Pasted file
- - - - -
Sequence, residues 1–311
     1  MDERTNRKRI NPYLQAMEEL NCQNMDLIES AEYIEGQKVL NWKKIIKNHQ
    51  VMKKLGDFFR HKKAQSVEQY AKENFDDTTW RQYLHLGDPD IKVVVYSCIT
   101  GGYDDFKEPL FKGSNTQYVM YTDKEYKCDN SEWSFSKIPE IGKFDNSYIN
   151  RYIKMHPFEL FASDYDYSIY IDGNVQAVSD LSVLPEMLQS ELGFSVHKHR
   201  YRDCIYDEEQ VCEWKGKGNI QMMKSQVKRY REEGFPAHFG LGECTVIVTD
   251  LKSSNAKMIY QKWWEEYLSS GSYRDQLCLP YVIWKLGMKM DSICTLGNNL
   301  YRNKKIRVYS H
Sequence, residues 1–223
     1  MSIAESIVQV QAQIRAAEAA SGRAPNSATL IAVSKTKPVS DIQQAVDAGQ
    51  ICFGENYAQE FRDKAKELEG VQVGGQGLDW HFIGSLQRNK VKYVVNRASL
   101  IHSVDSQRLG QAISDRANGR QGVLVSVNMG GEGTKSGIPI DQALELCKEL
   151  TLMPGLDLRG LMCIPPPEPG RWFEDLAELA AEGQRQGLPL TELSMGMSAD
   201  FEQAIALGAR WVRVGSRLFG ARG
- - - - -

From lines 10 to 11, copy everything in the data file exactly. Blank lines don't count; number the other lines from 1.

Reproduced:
     1  MSIAESIVQV QAQIRAAEAA SGRAPNSATL IAVSKTKPVS DIQQAVDAGQ
    51  ICFGENYAQE FRDKAKELEG VQVGGQGLDW HFIGSLQRNK VKYVVNRASL